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Early HIV Treatment Tied to Lower HIV DNA Diversity but Not Detectability

February 1, 2017

People who started antiretroviral therapy (ART) within four months of HIV infection had lower HIV DNA molecular diversity in cerebrospinal fluid (CSF) than did people who started ART more than 14 months after infection. But HIV DNA levels in CSF and neurocognitive function did not differ substantially between the early and late ART groups.

HIV enters the central nervous system (CNS) during early infection, potentially establishing a latent CNS reservoir and possibly contributing to CNS inflammation, brain damage and neurocognitive impairment. Independent replication of HIV in the CNS would complicate attempts at viral eradication. How early ART may affect these processes remains incompletely understood.

To address these issues, U.S. researchers compared HIV DNA and selected CNS markers and outcomes in nine adults who began ART within four months of their estimated date of HIV infection and seven adults who started ART more than 14 months after infection. They measured cognitive function by Global Deficit Score and used droplet digital PCR to quantify HIV DNA in peripheral blood mononuclear cells (PBMCs) and CSF cell pellets. In blood and CSF the researchers measured markers of inflammation (sCD163, IL-6, MCP-1, TNF-α) and neuronal damage (neurofilament light).

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The nine early-ART participants did not differ significantly from the late-ART participants in median age (44 and 35 years), proportions of men (88.9% versus 100%), proportions of Caucasians (77.8% and 100%), nadir CD4 count (473 and 373 cells/mm3) or median lifetime exposure to ART (2.8 and 2.6 years). All participants had sustained viral suppression in peripheral blood through a median of 3.5 viral load measurements with a median of 168 days between visits.

HIV DNA diversity in CSF was lower with early ART than late ART, though the difference stopped short of statistical significance (0.9% versus 2.5%, P = .11). In a separate analysis using a mixed-effects model in which log-transformed time on ART from estimated date of infection predicted baseline diversity, HIV DNA diversity in CSF was significantly lower with early ART (P = .05). HIV DNA molecular diversity in PBMCs did not differ substantially between the two groups (2.1% and 2.5%, P = .26). HIV DNA levels in CSF were nonsignificantly higher in the early ART group (10,559.7 versus 1,554 copies/million cells, P = .34), while HIV DNA levels in blood were nonsignificantly lower in the early-ART group (14.1 versus 39.1 million cells, P = .62).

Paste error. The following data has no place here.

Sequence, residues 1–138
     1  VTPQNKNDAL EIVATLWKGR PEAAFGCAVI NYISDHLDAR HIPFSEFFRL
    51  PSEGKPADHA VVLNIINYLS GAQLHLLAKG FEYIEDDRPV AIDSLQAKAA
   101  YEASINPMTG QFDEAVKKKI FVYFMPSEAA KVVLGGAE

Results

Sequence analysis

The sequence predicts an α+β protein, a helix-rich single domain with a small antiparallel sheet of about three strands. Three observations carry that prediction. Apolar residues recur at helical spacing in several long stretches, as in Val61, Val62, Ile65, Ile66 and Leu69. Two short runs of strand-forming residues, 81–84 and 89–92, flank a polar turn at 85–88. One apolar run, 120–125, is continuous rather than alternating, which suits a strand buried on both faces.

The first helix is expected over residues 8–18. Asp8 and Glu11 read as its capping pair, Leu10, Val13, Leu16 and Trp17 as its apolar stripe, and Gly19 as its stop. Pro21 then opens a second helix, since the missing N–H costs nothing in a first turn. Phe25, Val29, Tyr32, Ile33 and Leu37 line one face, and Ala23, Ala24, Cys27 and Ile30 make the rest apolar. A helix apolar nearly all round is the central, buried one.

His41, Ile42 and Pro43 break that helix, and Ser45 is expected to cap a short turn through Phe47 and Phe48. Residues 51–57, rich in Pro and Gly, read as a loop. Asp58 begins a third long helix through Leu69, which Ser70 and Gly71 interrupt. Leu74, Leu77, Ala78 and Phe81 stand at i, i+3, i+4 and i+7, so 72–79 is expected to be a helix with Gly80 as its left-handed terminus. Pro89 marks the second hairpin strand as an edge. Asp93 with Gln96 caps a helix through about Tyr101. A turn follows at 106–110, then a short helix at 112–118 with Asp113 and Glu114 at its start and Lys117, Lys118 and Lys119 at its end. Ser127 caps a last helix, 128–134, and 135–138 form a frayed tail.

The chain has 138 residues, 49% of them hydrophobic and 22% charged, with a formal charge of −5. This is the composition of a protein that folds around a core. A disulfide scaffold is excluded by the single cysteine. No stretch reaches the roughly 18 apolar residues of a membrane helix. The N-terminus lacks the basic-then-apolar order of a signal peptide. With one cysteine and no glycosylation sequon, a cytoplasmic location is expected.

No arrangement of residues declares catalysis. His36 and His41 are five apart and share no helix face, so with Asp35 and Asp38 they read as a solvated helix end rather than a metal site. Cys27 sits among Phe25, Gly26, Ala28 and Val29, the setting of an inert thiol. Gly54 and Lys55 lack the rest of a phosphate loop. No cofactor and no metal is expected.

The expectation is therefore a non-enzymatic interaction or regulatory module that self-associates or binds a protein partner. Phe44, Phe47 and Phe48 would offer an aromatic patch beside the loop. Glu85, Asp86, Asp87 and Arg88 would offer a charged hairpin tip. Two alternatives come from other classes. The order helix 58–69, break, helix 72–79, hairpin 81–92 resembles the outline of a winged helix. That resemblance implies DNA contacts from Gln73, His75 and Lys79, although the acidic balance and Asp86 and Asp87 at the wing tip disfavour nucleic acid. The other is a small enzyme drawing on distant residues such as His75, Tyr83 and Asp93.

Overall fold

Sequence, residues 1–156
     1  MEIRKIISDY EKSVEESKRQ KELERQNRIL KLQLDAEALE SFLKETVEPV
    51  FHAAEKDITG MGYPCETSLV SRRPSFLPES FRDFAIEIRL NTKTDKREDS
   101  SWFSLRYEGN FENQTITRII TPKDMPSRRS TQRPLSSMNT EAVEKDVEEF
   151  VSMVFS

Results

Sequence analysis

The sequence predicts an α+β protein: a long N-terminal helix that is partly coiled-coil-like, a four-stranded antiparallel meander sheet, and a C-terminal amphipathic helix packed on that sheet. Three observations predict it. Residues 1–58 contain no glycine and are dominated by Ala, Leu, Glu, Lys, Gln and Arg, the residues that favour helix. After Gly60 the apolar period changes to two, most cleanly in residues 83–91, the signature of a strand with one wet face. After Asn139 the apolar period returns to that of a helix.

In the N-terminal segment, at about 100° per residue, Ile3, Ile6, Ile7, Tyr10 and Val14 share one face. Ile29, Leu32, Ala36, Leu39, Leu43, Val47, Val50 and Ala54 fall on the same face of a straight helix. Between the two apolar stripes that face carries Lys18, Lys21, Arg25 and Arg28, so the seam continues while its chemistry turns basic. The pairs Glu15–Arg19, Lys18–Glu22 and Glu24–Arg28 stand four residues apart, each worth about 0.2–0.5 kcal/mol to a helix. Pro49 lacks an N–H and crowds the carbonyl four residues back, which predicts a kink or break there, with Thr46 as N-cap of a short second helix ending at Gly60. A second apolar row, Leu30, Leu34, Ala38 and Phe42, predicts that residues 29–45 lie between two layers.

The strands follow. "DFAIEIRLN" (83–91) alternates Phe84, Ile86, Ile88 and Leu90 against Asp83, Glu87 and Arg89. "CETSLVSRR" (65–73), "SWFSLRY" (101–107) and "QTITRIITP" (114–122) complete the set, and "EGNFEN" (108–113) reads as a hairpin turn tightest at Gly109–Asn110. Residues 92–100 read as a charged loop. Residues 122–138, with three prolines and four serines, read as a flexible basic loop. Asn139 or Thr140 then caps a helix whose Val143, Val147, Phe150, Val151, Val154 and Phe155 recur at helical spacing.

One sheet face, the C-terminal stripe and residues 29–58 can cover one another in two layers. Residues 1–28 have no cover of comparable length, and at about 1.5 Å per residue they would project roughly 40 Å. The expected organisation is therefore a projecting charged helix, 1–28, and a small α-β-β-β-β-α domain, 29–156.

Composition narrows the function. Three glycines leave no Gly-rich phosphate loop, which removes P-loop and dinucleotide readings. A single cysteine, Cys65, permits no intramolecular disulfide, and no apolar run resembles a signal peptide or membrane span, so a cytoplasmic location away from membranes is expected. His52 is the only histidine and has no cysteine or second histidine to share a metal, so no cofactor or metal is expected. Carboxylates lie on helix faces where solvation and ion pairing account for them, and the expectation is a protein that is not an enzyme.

Concentrations of two inflammation markers were significantly lower in the CSF of the early-ART group compared with the late-ART group: IL-6 (0.9 versus 1.2 pg/mL, P = .03) and TNF-α (0.2 versus 0.3 pg/mL, P = .02). Levels of those two markers did not differ between the two groups in blood. Concentrations of other markers of inflammation or neuronal damage did not differ significantly between the two groups. Nor did the groups differ significantly in Global Deficit Score.

Despite lower HIV DNA diversity and CSF inflammation in the early ART group, early treatment did not prevent HIV from establishing compartmentalized HIV DNA populations in CSF. This analysis relied on deep sequencing of eight paired CSF and PBMC samples. Six of these eight (75%) had HIV DNA compartmentalized in CSF, including two of three early-ART patients (67%). One of the early-ART patients started antiretrovirals during primary infection. Two participants with longitudinal sampling had sustained HIV DNA compartmentalization in CSF at all sampling points.

The researchers conclude that early ART is associated with lower molecular HIV DNA diversity in CSF and that lower diversity was not associated with age, peak viral load or levels of CD4 cells or CD8 cells. CSF concentrations of two inflammation markers -- IL-6 and TNF-α -- were significantly lower with early ART than late ART. But early therapy did not prevent HIV DNA compartmentalization in CSF. The authors believe the HIV DNA compartment "needs to be considered for the design of future eradication strategies and might contribute to the neuropathogenesis of HIV."

Mark Mascolini writes about HIV infection.


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